Customs busts smuggled garlic shipment
MANILA, Philippines – As prices spiked despite sufficient supply, the Bureau of Customs (BOC) seized Wednesday, June 11, an estimated 60,000 kilograms of smuggled garlic that entered the Batangas port.
The seized garlic, estimated to weigh from 50,000 to 60,000 kg, were packed in 10-kg bags purportedly from Taiwan and stored in two 40-foot container vans that arrived from Hong Kong Sunday, June 1.
The shipment was consigned to Good Earth Merchandising based in Cagayan de Oro City and was brokered by a certain Antonio Enriquez with address at Tuktukan, Guiguinto, Bulacan.
In import documents filed with the BOC, the shipment was declared as “cocoa beans to be used as raw material for chocolate.” An alert order was hoisted on the shipment based on information received by the agency’s Intelligence Group.
“We cannot allow smuggling of agricultural products to go unchecked. These unscrupulous importers disrupt our local economy and cause loss of jobs and livelihood for our farmers,” said BOC Port of Batangas District Collector Ernesto Benitez Jr.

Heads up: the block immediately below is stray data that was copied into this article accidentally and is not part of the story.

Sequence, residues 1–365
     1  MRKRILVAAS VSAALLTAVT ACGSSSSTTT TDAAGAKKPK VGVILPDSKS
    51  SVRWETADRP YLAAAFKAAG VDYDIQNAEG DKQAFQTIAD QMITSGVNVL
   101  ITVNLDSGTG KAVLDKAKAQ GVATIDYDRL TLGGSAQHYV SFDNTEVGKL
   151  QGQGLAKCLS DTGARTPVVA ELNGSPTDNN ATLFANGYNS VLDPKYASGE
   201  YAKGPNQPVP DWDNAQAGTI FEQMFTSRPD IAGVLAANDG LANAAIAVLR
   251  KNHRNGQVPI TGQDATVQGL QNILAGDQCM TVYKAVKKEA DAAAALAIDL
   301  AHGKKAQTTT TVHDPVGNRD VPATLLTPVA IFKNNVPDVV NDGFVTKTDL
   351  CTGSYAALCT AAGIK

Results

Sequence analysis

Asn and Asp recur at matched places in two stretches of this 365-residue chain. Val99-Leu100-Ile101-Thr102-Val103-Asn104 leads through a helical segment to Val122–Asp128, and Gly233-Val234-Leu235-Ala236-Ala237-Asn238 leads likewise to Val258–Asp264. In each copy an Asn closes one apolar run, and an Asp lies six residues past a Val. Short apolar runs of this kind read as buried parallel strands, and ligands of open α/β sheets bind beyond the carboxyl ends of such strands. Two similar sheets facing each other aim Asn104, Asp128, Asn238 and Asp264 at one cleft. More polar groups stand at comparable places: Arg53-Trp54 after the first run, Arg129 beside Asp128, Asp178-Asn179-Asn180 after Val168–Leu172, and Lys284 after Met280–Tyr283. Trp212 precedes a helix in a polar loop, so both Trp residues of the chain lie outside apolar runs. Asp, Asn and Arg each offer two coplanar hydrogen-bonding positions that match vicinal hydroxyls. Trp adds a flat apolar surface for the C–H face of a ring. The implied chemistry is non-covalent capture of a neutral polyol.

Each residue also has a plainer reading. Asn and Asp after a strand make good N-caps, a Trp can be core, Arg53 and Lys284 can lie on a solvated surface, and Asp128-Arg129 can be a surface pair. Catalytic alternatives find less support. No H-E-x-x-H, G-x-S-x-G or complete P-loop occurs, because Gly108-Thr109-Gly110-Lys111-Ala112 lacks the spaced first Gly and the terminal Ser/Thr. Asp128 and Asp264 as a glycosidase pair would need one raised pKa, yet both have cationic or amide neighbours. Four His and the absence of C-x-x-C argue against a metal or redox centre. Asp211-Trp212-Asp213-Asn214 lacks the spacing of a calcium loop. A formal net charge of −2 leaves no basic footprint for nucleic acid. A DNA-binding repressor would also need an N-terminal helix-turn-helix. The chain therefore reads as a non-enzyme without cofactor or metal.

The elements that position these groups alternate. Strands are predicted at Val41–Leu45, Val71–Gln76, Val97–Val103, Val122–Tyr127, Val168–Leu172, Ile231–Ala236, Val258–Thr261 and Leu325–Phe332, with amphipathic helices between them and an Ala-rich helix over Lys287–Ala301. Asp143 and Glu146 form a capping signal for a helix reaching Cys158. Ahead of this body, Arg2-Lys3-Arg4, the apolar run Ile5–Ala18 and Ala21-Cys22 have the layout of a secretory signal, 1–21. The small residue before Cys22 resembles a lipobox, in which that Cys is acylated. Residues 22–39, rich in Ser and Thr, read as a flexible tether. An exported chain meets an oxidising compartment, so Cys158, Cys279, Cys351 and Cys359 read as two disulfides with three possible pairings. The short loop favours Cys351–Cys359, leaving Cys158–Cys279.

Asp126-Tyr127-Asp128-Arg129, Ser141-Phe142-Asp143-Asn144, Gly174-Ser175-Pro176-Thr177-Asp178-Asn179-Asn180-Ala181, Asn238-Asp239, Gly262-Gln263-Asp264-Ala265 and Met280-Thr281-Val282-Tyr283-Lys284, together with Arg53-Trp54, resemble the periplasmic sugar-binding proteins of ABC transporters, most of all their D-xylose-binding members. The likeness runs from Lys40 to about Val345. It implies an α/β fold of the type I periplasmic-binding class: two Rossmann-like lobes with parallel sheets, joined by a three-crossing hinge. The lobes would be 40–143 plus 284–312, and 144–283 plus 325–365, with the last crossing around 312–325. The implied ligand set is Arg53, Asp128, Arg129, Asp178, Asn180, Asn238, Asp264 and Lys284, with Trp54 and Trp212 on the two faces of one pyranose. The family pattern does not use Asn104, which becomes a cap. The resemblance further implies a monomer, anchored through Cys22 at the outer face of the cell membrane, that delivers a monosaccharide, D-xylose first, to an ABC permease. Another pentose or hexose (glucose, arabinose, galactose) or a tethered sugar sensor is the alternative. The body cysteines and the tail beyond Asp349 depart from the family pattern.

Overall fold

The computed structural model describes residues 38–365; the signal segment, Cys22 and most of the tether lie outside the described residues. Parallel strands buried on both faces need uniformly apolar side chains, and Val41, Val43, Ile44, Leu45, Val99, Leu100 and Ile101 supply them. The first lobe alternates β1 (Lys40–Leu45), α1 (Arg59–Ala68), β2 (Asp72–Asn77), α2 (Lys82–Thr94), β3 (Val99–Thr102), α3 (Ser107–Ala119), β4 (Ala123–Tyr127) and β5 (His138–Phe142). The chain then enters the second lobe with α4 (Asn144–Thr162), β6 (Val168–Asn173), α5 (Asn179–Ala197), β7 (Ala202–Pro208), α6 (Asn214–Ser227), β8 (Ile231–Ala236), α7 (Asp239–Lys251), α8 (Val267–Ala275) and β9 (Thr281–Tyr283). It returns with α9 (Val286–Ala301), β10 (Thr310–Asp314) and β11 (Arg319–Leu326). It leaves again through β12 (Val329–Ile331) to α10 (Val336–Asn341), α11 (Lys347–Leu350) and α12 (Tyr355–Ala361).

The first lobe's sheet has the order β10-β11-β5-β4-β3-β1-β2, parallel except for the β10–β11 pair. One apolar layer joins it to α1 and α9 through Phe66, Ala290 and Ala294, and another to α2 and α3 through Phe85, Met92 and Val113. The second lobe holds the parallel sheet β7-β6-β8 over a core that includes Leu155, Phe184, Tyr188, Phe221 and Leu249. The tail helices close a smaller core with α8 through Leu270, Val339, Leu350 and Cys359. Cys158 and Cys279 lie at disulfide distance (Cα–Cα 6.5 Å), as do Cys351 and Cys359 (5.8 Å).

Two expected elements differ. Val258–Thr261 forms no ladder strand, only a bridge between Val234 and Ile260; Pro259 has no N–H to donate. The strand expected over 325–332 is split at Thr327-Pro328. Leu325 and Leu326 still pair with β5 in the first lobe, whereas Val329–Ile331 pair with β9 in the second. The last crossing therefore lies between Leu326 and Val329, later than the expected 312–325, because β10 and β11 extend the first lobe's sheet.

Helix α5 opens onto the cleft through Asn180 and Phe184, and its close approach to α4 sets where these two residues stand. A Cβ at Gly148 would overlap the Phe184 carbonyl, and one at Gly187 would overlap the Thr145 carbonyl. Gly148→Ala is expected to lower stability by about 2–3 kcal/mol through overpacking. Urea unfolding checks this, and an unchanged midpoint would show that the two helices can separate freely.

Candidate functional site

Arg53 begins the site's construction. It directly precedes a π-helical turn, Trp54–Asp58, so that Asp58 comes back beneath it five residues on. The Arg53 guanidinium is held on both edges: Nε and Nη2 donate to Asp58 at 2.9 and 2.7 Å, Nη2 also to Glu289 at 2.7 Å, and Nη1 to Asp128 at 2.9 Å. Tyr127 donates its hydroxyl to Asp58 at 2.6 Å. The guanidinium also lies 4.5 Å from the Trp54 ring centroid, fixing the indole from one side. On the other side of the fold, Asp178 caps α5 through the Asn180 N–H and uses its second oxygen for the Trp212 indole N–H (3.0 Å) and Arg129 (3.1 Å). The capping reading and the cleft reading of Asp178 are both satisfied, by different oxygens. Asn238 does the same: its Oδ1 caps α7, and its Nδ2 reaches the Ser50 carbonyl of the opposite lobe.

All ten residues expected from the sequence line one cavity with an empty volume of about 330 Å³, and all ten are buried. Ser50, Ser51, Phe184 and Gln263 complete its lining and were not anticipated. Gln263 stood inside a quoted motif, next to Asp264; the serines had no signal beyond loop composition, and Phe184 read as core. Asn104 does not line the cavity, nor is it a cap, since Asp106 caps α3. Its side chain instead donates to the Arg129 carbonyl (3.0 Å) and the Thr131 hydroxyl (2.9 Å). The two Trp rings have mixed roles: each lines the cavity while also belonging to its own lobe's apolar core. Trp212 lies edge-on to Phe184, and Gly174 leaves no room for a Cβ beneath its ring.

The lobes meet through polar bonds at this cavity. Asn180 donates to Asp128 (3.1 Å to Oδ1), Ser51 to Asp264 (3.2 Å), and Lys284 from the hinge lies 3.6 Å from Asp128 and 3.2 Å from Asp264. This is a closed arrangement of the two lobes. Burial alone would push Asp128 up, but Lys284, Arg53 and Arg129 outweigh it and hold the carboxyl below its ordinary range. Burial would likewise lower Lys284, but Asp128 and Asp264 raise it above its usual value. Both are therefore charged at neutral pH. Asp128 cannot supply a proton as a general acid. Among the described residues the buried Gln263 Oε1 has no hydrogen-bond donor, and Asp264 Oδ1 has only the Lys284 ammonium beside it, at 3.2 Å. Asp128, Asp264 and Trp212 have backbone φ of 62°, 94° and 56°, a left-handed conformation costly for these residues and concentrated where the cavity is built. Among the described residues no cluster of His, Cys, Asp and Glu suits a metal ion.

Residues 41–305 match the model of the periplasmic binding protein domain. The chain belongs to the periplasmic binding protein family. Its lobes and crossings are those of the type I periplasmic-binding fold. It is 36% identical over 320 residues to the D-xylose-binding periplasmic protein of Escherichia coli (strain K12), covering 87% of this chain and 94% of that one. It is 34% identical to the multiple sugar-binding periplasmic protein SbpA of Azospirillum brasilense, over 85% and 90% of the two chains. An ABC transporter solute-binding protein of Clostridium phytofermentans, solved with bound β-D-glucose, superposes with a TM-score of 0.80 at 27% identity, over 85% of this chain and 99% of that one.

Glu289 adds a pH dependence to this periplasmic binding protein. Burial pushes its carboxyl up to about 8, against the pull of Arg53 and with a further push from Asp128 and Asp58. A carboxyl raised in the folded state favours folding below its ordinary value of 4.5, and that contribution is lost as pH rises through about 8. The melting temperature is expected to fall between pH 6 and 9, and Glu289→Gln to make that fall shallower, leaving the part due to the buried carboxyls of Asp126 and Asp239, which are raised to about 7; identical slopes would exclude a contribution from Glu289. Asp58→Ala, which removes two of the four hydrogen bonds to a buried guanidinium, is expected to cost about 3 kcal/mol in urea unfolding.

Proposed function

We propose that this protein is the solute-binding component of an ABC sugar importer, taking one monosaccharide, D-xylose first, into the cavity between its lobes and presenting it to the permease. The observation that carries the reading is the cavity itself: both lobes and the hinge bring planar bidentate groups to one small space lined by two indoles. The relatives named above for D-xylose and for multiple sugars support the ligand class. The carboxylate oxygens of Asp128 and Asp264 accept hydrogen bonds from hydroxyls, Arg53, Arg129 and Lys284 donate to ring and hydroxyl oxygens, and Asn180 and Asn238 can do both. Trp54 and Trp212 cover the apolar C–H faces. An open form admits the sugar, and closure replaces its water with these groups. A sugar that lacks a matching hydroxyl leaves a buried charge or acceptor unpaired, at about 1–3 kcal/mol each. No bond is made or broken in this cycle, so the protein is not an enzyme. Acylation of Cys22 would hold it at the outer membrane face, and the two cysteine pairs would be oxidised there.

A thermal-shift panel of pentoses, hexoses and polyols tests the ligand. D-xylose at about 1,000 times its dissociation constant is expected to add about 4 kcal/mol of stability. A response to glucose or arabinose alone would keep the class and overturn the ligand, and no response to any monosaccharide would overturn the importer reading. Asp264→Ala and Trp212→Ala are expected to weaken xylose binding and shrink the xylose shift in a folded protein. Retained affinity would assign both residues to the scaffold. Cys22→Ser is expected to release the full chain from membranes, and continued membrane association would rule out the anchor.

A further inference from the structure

A cooking staple, around 30% of the country’s garlic requirement is produced locally while 70% is imported.
From the usual P60 to P90 per kg, garlic price rose to as high as P360 to P400 in wet markets and groceries nationwide, the BOC said in a statement.
The prevailing retail price for local garlic is double the average farmgate price of P100 to P130 per kg.
On Monday, the Department of Agriculture (DA) launched an investigation and formed an action team following reports that traders from various regions have not been buying farmers’ produce, causing depleted supply of local garlic in Metro Manila.
Such traders may suffer sanctions under the Price Act, which punishes such offenses with imprisonment of not less than a year but no more than 10 years and fine of not less than P5,000 but not more than P1 million.
On Tuesday, Senator Cynthia Villar, chair of the Senate Committee on Agriculture, called on all concerned government agencies to look into the garlic price spike.
“We have to ensure the protection of the consuming public. The exorbitant prices being imposed on garlic might also result in an increase in the prices of other food products,” VIllar said. – Rappler.com